This course explores the epistemological foundations and critical applications of the concept of melodrama, with particular emphasis on African literature and screen media. In ways that are increasingly amenable to cultural studies analysis, melodrama has attracted a body of theory paying simultaneous and innovative attention to the formal, historical, and political properties and production of texts. It also calls attention to disciplinary traditions of reading. From Peter Brooks’s work on Balzac and Henry James, to recent scholarship on Nigeria’s “Nollywood” and Pentecostal television in the Congo, melodrama is being used to understand the ways, both formal and thematic, that texts respond to and register major social transformations. Readings in this course will come from these and other contexts, including samples of scholarship on Latin American, South Asian, and East Asian cultural production. Graduate students from any discipline are welcome in this seminar and invited to pursue their research through the course focus. At stake in our exploration of these critical traditions are (often competing) conceptions of modernity and the role that such conceptions can play in the kind of reading we do.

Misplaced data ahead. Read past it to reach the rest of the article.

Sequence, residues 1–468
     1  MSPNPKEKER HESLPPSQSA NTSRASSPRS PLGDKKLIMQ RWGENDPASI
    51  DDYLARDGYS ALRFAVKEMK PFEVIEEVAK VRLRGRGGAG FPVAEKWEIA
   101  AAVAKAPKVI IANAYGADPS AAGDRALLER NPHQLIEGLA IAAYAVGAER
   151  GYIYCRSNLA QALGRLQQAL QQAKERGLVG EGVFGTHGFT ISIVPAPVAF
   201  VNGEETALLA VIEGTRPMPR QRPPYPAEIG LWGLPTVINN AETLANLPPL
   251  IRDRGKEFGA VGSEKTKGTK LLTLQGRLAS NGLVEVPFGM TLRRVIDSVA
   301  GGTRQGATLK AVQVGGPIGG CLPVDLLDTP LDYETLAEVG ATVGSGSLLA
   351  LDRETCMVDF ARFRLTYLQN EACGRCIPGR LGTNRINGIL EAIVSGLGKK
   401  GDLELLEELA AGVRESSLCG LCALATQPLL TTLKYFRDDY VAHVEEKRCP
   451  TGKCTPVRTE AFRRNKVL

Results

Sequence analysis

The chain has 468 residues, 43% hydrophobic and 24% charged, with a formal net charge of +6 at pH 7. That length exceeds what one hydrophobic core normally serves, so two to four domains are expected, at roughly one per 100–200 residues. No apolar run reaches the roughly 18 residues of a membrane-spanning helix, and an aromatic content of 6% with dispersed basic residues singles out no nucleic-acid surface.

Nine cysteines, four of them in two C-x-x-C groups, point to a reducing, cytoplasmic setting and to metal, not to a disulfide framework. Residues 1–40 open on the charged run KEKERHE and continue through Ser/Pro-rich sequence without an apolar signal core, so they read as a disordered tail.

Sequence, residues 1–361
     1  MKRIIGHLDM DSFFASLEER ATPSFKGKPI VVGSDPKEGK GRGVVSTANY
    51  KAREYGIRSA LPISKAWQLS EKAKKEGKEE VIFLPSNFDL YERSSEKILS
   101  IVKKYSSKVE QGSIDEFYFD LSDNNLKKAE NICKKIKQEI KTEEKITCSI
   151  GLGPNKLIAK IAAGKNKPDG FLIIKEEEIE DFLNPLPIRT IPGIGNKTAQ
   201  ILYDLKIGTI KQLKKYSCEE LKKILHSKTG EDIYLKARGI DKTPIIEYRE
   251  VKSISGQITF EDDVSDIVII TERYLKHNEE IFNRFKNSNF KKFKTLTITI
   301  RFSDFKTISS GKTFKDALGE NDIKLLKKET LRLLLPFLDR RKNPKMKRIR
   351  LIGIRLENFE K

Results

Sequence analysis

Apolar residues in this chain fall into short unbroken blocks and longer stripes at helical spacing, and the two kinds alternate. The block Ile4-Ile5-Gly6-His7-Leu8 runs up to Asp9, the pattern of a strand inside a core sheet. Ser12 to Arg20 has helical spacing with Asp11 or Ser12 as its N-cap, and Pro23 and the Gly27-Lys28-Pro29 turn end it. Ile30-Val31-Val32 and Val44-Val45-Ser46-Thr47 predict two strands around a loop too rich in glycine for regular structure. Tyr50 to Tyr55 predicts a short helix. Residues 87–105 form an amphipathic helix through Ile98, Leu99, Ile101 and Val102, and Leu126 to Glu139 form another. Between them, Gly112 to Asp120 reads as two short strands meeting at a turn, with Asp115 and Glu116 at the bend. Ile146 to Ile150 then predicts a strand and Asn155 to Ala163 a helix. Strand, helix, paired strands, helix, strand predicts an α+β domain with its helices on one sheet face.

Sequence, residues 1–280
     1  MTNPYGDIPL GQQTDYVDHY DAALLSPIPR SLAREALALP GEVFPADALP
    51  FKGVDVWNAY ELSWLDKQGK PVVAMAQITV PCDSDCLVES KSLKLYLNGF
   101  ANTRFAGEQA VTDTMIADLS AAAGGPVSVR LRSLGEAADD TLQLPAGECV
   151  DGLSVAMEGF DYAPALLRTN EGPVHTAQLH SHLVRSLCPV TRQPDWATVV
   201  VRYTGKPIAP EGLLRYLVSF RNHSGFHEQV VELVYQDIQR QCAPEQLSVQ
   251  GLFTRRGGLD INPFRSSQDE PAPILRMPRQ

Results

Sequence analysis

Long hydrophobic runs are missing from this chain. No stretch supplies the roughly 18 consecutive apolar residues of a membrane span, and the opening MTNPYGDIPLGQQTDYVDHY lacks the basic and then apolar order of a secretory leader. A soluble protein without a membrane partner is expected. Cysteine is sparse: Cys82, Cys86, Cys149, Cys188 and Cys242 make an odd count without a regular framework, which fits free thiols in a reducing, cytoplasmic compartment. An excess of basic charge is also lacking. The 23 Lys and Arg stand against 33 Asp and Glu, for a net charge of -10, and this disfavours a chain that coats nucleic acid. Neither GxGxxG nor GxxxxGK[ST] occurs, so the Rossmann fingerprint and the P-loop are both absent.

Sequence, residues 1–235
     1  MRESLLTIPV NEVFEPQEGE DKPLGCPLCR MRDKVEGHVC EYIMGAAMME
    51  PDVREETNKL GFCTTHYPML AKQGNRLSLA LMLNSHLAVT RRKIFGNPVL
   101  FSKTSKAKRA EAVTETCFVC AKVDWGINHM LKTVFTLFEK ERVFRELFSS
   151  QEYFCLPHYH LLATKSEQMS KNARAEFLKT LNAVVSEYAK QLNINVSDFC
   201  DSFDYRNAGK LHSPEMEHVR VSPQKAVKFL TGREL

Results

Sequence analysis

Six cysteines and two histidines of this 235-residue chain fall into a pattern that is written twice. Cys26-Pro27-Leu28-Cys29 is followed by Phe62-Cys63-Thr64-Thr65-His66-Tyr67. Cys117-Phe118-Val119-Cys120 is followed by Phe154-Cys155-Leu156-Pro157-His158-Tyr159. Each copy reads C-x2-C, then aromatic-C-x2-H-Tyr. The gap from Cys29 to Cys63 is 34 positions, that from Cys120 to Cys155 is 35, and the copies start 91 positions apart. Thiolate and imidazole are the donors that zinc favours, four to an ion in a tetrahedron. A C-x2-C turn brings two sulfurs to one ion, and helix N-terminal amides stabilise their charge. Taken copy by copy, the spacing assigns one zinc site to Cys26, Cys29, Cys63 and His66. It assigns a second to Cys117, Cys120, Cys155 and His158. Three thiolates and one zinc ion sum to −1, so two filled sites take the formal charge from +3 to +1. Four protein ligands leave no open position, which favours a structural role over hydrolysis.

Students will form a foundation understanding of melodrama theory, through various global examples of secondary sources and through focused attention on selected primary and secondary material from Africa. Through weekly discussion and formal reading responses, students will also advance their skills for interpreting, applying, and generating literary and critical cultural theory. Finally, students will further hone and demonstrate their scholarly proficiency by submitting and workshopping advanced-level seminar papers, focused on forms of cultural production of their choosing, in which methods of melodrama theory are applied and elaborated.
- Lila Abu Lughod: “Modern Subjects? Egyptian Melodrama and Postcolonial Difference”
- Peter Brooks: Selections from The Melodramatic Imagination
- Brian Larkin: “Extravagant Aesthetics: Instability and the Excessive World of Nigerian Film”
- Buchi Emecheta: The Joys of Motherhood
- Ngugi wa Thiong’o: Devil on the Cross
- Christine Gledhill: “The Melodramatic Field: An Investigation”
- Katrien Pype: The Making of the Postcolonial Melodrama
African Languages and Literature 901: Seminar in Modern African Literature – Melodrama
M 1:20-3:15pm, 1051 Van Hise Hall
About the Instructor
Matthew H. Brown is Assistant Professor of African Languages and Literature. He is a specialist of African screen media, with a focus on “Nollywood,” Nigeria’s video film industry, but he also writes about television, literature, and popular music. He is also the co-founder of the UW-Madison workshop on Mass Media and Popular Culture in the Global South. Brown’s current book project is tentatively titled Indirect Subjects: Nollywood, the Nation, and Neoliberalization.